W3C home > Mailing lists > Public > www-style@w3.org > August 2012

Re: Comment syntax

From: Tab Atkins Jr. <jackalmage@gmail.com>
Date: Mon, 27 Aug 2012 17:09:01 -0700
Message-ID: <CAAWBYDDTFmi_E4J9KSXcY=reY+J48cLqyaXDCYcc0KLKadvY=A@mail.gmail.com>
To: Greg Houston <gregory.houston@gmail.com>
Cc: "Kang-Hao (Kenny) Lu" <kanghaol@oupeng.com>, "Zachary “Gamer_Z.” Yaro" <zmyaro@gmail.com>, Liam R E Quin <liam@w3.org>, WWW Style <www-style@w3.org>, "Jens O. Meiert" <jens@meiert.com>
On Mon, Aug 27, 2012 at 5:04 PM, Greg Houston <gregory.houston@gmail.com> wrote:
> I'm amazed after all these years I haven't accidentally realized I
> could comment out a single property with //. Every time I start to do
> it, which is often, I tell myself, "Ope, can't do that". If using //
> as an actual single line comment proved to break too much existing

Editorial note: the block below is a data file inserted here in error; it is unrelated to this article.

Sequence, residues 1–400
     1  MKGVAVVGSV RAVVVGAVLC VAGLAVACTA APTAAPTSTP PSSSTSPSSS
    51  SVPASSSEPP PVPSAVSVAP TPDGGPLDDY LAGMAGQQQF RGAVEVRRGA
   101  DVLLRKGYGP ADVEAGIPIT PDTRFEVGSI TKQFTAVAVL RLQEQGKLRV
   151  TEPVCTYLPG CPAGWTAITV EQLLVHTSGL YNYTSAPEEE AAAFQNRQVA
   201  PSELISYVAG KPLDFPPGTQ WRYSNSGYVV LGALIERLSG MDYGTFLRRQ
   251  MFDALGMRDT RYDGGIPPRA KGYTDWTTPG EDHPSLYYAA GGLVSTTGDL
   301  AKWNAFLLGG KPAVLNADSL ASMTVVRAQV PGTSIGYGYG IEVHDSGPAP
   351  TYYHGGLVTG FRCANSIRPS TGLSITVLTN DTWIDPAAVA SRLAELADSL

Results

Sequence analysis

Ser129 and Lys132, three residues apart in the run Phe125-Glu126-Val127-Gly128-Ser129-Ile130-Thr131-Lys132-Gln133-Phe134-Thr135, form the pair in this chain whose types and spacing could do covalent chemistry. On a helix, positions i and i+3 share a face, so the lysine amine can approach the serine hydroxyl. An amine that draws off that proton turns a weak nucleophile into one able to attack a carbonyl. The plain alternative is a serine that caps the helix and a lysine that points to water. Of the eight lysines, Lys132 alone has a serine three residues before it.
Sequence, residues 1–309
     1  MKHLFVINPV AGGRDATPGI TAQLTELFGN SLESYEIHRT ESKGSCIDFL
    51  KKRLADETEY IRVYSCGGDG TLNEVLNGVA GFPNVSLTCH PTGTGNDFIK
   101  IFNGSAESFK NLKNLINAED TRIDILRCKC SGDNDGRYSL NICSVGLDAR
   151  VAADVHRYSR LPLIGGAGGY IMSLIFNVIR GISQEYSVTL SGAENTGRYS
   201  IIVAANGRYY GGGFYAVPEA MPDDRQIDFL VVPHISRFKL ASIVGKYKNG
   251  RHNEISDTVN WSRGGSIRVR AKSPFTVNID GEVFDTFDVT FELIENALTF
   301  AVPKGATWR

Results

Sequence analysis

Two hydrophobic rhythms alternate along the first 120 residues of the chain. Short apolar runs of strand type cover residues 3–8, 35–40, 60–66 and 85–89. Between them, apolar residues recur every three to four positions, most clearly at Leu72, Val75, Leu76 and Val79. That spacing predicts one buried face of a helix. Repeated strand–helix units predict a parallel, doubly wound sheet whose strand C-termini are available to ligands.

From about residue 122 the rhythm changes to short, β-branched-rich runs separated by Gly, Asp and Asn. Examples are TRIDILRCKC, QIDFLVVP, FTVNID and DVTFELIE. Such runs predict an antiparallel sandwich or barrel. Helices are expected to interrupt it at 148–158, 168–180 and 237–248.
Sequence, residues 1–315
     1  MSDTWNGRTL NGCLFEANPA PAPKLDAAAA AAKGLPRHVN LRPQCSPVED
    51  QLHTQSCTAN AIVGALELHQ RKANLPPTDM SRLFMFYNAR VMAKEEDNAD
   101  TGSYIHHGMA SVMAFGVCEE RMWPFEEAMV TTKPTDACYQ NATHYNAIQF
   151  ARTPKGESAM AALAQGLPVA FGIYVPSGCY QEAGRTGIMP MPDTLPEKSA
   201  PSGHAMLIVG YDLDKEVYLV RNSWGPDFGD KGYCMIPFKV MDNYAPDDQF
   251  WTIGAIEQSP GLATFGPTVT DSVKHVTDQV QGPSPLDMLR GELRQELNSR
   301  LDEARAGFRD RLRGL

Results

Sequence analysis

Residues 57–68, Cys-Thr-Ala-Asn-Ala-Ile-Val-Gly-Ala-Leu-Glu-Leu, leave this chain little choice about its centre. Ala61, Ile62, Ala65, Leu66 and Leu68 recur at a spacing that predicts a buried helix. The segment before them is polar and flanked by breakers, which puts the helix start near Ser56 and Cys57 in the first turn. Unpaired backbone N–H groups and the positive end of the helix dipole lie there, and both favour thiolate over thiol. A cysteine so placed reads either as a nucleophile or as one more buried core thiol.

> content, rather than bless the accidental and incomplete
> "functionality" // currently has, I would rather see something like
> /// used that actually does what coders expect from a single line
> comment, which is to comment out everything on that line.

Sure, coming up with something else as a "to end of line" comment
would work, but it would lose much of the reason for wanting it in the
first place - to match up with C and JS.

> Just on a side note and I'll drop out of this conversation, using //
> to comment out a property is obviously a CSS hack, and one that I know
> I've never seen documented. In general does supporting hacks fall into
> the scope of backward compatibility?

No, backwards compat is solely and completely about supporting
*reality*.  Regardless of whether something is valid or invalid, if
it's *used* on the web, and changing it would break things, we're less
likely to do it, because we want to be able to display old content,
and old content is often "frozen" and won't change.

Forgetting about reality and thinking that speccing is about creating
rules for an ideal world is a common failure mode for specs. ^_^
Specs exist solely to reduce the cost of implementing things - without
them, you have to reverse-engineer everything yourself.

Received on Tuesday, 28 August 2012 00:09:48 UTC

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